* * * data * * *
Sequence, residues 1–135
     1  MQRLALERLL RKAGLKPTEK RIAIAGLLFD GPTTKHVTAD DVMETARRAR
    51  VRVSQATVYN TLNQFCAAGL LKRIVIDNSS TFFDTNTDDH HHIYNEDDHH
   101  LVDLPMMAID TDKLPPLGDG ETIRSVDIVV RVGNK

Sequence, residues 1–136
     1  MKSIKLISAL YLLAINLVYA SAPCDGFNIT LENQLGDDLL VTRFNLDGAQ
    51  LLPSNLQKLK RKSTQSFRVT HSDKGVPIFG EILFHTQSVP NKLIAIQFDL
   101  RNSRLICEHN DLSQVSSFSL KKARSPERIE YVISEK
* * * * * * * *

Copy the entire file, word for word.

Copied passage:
Sequence, residues 1–135
     1  MQRLALERLL RKAGLKPTEK RIAIAGLLFD GPTTKHVTAD DVMETARRAR
    51  VRVSQATVYN TLNQFCAAGL LKRIVIDNSS TFFDTNTDDH HHIYNEDDHH
   101  LVDLPMMAID TDKLPPLGDG ETIRSVDIVV RVGNK

Sequence, residues 1–136
     1  MKSIKLISAL YLLAINLVYA SAPCDGFNIT LENQLGDDLL VTRFNLDGAQ
    51  LLPSNLQKLK RKSTQSFRVT HSDKGVPIFG EILFHTQSVP NKLIAIQFDL
   101  RNSRLICEHN DLSQVSSFSL KKARSPERIE YVISEK